WILLIAMSBURG -- Football practice can tell you a lot about a player's character. For William and Mary fullback Tyrone Shelton, it reflects an accurate portrait of intensity.
There is one incident during Shelton's freshman year that still stands out in the mind of Tribe backfield coach Matt Kelchner. It had been raining steadily for a couple of days and the team's practice facility was unfit to use, so noncontact workouts were held on a nearby asphalt parking lot.
Shelton, a product of Wheaton High School, apparently failed to notice the absence of a soft landing pad. Playing outside linebacker, he was in on practically every play, and more times than not ended up on the hard surface.
"He looked goofy in a helmet," said Kelchner, "but right away you could see this kid was reckless and fearless. You knew if you could ever get him under control, he'd be a heck of a player."
Shelton, now a senior, is on the verge of passing Jack Cloud and moving into fifth place on the school's all-time rushing list. Cloud was an all-American in 1946, 1947 and 1948 and rushed for 2,058 yards in his career. Shelton has 2,008 yards.
Fittingly, Saturday's game against Bucknell has been designated "Jack Cloud Day" in Williamsburg. Cloud, who holds school records for touchdowns in a season, points in a season and touchdowns in a career, will be inducted into the National Football Foundation College Football Hall of Fame in December.
Shelton had a team-high 944 yards rushing last year and is second this fall with 556 yards on 99 carries.
He needs to average about 80 yards in the remaining five games to set the school career record. Jim Kruis, who played in 1975-77, is the current leader with 2,404 yards.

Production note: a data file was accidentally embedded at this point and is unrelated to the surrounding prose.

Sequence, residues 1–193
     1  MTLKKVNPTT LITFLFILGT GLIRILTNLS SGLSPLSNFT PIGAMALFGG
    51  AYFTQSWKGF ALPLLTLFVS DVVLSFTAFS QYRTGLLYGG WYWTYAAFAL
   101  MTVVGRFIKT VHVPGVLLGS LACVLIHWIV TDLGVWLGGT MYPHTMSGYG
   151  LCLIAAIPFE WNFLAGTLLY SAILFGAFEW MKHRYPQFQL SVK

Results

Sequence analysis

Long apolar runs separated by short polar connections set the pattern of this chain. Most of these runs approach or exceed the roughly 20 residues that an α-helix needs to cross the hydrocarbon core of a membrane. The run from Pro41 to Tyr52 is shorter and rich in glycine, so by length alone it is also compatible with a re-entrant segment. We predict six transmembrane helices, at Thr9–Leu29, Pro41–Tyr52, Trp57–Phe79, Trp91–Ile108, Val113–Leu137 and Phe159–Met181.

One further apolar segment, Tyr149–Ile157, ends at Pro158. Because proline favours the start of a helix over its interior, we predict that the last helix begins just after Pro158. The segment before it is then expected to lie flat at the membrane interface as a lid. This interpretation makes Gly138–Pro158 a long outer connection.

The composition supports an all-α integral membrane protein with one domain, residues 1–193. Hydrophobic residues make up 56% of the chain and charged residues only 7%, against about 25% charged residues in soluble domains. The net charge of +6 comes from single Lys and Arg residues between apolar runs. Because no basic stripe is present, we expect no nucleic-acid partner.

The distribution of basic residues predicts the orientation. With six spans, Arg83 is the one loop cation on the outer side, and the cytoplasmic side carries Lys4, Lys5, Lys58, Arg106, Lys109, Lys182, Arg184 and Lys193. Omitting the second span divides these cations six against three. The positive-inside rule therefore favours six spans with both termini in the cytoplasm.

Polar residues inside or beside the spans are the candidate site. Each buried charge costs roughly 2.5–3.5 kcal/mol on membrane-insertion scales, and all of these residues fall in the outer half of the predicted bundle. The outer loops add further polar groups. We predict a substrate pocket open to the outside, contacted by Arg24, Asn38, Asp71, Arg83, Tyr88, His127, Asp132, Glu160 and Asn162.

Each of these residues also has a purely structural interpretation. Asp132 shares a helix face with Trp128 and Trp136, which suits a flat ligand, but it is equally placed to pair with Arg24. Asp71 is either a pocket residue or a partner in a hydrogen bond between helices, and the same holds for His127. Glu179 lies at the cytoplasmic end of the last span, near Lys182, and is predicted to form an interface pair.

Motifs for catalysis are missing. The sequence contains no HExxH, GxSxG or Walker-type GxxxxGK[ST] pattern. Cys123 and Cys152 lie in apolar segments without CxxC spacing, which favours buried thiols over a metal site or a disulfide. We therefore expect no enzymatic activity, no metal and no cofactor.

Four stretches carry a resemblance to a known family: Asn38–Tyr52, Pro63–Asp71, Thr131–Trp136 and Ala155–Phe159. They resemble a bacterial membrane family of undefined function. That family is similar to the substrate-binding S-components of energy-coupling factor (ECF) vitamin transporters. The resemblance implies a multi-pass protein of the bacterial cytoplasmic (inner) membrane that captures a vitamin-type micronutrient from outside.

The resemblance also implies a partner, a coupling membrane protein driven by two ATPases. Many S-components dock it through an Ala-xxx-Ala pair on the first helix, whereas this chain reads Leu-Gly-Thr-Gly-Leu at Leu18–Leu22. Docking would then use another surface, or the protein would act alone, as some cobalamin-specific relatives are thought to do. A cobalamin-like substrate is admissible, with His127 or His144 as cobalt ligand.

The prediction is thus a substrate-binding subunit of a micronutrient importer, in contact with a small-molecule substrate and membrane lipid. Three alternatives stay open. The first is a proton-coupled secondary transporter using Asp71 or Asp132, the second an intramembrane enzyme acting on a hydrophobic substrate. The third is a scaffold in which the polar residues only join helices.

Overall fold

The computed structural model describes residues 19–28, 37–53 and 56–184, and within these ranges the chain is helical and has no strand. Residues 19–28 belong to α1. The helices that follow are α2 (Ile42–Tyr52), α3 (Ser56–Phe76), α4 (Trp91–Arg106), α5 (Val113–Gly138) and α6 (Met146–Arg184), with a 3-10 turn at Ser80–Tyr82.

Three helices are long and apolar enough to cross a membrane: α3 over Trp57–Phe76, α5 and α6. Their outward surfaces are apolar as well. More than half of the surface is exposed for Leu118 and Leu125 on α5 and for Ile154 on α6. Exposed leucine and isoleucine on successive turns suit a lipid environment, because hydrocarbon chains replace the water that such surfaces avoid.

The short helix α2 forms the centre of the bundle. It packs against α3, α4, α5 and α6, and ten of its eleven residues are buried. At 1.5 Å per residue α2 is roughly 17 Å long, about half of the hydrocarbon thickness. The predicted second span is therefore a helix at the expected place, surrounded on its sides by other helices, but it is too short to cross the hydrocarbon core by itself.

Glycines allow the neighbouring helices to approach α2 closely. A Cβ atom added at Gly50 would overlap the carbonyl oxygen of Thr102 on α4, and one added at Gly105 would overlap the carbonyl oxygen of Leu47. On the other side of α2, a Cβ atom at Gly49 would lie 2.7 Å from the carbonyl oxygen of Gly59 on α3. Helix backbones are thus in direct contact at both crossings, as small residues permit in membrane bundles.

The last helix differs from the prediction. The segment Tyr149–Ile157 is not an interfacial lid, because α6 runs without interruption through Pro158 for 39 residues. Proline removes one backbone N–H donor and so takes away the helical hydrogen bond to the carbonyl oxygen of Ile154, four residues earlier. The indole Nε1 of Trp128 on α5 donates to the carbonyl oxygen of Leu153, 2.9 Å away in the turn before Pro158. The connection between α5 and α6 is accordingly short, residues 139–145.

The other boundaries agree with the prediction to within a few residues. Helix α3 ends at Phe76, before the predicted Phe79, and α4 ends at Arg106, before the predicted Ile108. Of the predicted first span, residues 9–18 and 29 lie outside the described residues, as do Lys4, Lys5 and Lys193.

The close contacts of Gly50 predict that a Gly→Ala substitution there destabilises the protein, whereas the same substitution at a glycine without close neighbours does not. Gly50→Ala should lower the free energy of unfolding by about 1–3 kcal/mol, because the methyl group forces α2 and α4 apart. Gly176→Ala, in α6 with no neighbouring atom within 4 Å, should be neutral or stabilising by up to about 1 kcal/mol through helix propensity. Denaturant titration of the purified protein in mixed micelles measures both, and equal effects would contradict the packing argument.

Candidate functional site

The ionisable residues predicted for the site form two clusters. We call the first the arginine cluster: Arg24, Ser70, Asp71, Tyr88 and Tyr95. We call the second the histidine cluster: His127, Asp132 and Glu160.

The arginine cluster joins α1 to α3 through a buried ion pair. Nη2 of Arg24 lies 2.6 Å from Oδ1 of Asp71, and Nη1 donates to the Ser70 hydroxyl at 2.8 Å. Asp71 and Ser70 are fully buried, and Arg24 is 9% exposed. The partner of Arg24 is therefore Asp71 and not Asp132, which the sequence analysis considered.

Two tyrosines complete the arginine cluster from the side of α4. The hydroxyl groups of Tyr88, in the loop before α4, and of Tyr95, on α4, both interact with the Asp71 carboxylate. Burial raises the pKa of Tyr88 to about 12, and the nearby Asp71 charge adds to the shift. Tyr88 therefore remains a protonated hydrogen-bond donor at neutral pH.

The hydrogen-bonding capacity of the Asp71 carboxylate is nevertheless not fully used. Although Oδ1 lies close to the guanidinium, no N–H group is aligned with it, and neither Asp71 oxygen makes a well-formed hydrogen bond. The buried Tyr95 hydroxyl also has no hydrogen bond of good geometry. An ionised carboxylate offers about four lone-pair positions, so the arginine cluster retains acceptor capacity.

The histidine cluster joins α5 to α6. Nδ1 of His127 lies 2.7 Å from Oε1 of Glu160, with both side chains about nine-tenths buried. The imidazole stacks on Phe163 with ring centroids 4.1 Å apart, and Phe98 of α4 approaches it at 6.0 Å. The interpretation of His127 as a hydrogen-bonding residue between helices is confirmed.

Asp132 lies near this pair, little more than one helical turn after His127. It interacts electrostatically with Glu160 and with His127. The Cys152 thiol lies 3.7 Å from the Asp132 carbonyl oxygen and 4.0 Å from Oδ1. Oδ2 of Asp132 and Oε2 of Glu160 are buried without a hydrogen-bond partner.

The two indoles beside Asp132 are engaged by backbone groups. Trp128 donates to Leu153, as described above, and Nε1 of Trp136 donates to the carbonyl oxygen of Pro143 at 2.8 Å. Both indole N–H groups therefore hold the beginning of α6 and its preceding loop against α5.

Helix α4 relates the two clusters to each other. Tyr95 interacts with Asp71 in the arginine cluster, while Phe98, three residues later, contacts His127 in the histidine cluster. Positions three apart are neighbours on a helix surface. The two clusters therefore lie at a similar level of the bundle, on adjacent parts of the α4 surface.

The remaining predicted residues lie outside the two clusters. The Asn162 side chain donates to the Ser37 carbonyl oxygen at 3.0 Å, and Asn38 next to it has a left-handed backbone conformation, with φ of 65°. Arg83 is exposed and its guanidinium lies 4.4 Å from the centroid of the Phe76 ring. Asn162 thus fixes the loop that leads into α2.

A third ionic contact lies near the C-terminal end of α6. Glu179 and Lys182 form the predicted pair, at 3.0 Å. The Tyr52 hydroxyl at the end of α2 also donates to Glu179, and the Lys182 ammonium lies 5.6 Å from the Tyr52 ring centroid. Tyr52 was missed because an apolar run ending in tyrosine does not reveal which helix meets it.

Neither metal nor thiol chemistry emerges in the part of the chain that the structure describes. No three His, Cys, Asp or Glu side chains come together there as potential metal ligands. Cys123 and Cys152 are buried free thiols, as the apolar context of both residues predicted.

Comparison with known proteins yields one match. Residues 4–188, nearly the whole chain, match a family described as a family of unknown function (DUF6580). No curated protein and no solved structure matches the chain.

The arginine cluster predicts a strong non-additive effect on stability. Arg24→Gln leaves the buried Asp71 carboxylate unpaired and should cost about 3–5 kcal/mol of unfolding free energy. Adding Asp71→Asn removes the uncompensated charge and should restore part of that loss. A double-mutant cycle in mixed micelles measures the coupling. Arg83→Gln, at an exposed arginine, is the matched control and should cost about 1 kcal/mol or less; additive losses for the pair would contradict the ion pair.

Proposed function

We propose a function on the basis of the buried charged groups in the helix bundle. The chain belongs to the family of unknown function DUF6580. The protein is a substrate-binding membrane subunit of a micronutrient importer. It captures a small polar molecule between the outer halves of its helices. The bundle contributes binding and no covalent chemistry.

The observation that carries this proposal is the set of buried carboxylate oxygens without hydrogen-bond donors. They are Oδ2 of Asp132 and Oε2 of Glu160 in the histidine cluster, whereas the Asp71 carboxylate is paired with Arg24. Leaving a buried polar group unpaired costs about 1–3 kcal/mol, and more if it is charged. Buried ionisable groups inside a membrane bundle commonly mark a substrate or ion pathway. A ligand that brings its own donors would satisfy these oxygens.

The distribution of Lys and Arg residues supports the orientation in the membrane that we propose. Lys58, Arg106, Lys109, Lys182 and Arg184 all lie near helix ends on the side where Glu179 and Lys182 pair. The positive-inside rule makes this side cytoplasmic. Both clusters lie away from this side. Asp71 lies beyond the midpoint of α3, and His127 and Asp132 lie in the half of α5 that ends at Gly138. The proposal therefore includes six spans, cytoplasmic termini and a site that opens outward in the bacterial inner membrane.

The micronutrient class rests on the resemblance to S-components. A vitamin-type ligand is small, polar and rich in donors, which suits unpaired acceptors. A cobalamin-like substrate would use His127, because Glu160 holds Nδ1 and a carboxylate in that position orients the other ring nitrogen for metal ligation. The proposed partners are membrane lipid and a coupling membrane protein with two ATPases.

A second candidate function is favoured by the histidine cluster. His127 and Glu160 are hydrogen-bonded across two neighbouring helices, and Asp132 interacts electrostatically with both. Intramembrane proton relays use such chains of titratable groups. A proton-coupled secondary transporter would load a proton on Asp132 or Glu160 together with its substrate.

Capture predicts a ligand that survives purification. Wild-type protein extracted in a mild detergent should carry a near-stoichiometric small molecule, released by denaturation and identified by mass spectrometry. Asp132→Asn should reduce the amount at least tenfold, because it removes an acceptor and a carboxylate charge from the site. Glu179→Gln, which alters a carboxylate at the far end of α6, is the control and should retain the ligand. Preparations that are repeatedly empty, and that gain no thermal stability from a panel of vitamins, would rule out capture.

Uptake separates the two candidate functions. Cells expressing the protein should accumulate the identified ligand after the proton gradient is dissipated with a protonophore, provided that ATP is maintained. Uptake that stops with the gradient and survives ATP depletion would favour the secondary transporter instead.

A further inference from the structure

Shelton was pretty much unwanted out of high school. "We ran a wing-T offense at Wheaton," he said. "I wasn't the featured back, but I thought I should have been."
"He was a good player in high school," said Kelchner. "Not great, but good."
Shelton enrolled at William and Mary and was told he could make the team if he could impress the coaches.
That was all Shelton needed to hear. "I just wanted to prove I belonged," he said. "Nothing more than that. I wanted to prove I could play."
But the chance to play had its limits. During his freshman season Shelton was shifted from linebacker to fullback, a no-glory position in the Tribe's pass-oriented offense.
During Coach Jimmye Laycock's previous seven seasons, the fullback carried the ball once or twice per game and did little except block. Yet knowing the expected role, Shelton dedicated himself to do more.
He worked nonstop, lifting in the weight room and running on the field. All day. Every day.
"It could have been 100 degrees out," Kelchner said. "Yet Tyrone never missed a day. He is the hardest worker we've had here since Mark Kelso," an honorable mention all-American who now plays safety for the Buffalo Bills.
Shelton took particular pride in his ability in the weight room. Between his sophomore and junior seasons, the 5-foot-10 player increased his weight to 215 from 180. He now can bench-press more than 400 pounds and has registered a 560-pound lift in the squat.
The work paid off last season. Shelton still was considered primarily a blocker in the preseason, but he got more work as the season progressed, and was a prime contributor when William and Mary made the Division I-AA playoffs.
"Last year we used him because we had to," said Laycock, "and he had a great year. This year we have counted on him from the start and he has responded."
Yet his success still is somewhat overshadowed. Last week in a 59-47 Oyster Bowl victory over Virginia Military in Norfolk, Shelton had 126 rushing yards. Tailback Robert Green had 163 yards and three touchdowns and was voted the game's most valuable player.
"Tyrone had a pretty good day," Laycock said, "and nobody noticed."
Well, almost nobody. Bucknell Coach Lou Maranzana fairly bubbles when he talks about Shelton. "We just haven't faced anyone like him this year," Maranzana said.
To beat the 14th-ranked Tribe (4-2), Maranzana said Bucknell (5-1) must contain Shelton: "What he does is give William and Mary the ability to play a one-back formation. That way they have four wide receivers. But if Shelton gets the ball, he's a strong, dangerous threat."